Earl Russell

The Minister speaks of the Government's intention. That she can do with honour. Can she possibly answer for the effect of the legislation?

Baroness Scotland of Asthal

All I can do is create a framework where the effect of what we anticipate is managed in a way that we hope will not inure to the disadvantage of the families—and they will include children. Of course, we cannot legislate for each and every occurrence. What we can ensure is that the framework that we put in place is robust, fair, proportionate and enables people to receive the succour that they justly and rightly deserve when their application has failed, and they wish, with propriety, to leave the country.

Baroness Howarth of Breckland

Listening to the Minister's reasoning, which she gives with her usual clarity, the question that is still very firmly in my mind is what happens when there is a difference of opinion about what might be considered reasonable in terms of assessment. I recognise the complexity of these situations, but there will be situations in which the social worker and the immigration officer come to a different conclusion about what is reasonable. I want a good reassurance that the framework of assessment—and I intervened because the Minister was talking about frameworks of assessment—in any regulation is absolutely clear about how this kind of dispute will be resolved.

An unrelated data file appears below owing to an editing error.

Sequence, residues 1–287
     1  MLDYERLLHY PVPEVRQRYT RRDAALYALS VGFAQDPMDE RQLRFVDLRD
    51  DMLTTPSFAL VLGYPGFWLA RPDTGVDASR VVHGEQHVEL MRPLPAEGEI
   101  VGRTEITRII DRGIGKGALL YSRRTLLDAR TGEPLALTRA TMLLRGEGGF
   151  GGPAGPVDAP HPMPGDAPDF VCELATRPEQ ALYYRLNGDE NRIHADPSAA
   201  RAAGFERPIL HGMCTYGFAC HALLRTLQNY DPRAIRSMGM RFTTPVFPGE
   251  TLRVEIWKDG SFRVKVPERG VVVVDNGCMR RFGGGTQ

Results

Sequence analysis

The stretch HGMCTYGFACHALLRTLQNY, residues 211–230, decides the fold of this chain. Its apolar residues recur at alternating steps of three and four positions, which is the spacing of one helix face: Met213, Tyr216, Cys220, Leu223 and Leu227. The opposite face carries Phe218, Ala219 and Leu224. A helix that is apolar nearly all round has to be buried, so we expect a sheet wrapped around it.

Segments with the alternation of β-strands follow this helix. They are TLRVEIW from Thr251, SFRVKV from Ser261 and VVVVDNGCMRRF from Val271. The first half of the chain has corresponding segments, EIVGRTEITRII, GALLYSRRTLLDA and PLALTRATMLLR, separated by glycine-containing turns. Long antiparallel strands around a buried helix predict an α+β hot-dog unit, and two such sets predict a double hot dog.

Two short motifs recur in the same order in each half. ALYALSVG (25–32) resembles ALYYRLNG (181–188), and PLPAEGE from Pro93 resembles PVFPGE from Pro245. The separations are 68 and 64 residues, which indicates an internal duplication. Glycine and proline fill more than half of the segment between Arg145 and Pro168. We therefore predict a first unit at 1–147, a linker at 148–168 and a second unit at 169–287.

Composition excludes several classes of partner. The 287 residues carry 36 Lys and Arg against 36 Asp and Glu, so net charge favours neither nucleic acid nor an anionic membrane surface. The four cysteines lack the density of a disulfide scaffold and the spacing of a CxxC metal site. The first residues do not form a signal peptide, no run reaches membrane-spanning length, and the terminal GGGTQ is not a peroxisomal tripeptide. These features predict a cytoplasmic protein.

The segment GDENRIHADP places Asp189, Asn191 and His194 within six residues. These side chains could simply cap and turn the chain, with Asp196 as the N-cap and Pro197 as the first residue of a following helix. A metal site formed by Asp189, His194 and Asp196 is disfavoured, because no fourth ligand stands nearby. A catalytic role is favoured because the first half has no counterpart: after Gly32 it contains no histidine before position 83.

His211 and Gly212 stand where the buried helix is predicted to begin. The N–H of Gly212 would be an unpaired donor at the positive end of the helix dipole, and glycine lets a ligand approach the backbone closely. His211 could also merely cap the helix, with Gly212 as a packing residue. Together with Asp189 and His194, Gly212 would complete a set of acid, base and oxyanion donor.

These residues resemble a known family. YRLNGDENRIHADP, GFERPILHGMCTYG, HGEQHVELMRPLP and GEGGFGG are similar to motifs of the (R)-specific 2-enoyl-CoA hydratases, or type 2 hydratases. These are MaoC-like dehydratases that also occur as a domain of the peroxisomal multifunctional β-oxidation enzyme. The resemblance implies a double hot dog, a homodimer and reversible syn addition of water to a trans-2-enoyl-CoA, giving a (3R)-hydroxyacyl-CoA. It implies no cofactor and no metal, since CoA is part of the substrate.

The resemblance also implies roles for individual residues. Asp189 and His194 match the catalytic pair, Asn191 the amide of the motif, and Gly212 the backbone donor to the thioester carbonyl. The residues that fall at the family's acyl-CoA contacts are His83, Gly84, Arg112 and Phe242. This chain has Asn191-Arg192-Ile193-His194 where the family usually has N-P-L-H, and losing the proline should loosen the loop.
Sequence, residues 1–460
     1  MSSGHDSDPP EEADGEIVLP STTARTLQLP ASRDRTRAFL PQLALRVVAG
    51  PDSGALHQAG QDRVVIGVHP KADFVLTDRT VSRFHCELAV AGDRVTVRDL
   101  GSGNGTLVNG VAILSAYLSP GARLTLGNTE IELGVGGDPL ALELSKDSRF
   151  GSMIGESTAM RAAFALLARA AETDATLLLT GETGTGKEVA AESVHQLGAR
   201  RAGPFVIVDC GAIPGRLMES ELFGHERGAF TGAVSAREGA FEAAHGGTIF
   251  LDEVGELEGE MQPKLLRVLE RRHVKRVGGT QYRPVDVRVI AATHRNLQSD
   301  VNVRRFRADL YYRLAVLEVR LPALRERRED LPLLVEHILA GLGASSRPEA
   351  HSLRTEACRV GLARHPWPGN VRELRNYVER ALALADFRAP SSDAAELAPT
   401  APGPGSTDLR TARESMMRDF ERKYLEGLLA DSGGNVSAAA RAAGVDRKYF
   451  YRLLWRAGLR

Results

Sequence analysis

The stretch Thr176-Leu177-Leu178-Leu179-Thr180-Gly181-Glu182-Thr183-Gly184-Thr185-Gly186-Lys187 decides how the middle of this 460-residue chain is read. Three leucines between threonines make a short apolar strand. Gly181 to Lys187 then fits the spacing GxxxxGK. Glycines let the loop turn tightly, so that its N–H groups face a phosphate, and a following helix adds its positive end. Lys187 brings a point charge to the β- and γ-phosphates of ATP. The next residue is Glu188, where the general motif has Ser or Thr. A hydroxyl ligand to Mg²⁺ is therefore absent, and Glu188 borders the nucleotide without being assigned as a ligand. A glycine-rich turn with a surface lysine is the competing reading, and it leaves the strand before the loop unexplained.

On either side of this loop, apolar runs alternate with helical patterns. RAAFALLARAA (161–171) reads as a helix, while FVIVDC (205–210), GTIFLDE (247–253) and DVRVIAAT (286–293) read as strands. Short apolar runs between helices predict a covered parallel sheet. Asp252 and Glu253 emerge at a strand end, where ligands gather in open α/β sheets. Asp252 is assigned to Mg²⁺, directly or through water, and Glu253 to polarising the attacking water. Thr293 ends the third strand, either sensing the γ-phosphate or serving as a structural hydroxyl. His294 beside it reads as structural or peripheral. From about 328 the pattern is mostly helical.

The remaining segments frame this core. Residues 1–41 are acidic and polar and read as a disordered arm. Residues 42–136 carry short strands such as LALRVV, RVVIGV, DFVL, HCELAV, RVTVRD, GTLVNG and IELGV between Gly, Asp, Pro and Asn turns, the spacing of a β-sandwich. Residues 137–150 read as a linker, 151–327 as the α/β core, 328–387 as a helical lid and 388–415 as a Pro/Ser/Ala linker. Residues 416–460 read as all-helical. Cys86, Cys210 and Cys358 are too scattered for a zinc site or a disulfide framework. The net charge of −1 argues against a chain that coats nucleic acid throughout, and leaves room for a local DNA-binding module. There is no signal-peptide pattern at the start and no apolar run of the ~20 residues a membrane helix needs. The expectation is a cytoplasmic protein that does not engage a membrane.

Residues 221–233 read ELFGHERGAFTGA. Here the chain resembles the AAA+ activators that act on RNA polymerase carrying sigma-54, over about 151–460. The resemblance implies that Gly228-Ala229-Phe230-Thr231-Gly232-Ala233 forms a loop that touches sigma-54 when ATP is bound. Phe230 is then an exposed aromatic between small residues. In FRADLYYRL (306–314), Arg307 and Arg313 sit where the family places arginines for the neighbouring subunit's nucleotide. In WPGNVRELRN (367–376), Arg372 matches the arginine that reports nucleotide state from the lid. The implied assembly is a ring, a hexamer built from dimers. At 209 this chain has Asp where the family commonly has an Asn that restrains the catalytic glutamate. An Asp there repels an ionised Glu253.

10 p.m.

Baroness Scotland of Asthal

I hope that I made it clear, in repeating what Beverley Hughes, the then Minister of State in the Home Office said on 17 March, and the comments that I have made, that we do not propose that those who co-operate appropriately with the provisions made for their return should in any way be disadvantaged.

I hope that in the full answer that I am in the middle of giving, noble Lords will receive the comfort and reassurance that they seek. It is very important to understand how the system currently works, how we propose that the new system will work and at which point these decisions will fall to be made. Noble Lords will have noted that when I repeated what was said by Ms Hughes in the other place, I said that it would be for the local authority to decide how the interests of their children should be protected under existing child protection legislation.

I was seeking to describe the process by which support would cease 14 days after the failed asylum seeker receives a copy of the Secretary of State's certificate. When the certificate is sent by first-class post, the person is treated as receiving it on the second day after the day on which it is posted. It will also be possible for the Secretary of State to serve the certificate personally, when appropriate. When a decision is made to withdraw support under Clause 8, we will also, as a matter of administrative practice, send a copy of the certificate to the failed asylum seekers' representative if one is acting on their behalf. The family will also have the right to appeal against the Secretary of State's decision to certify to the asylum support adjudicator following the amendment that we brought forward in another place.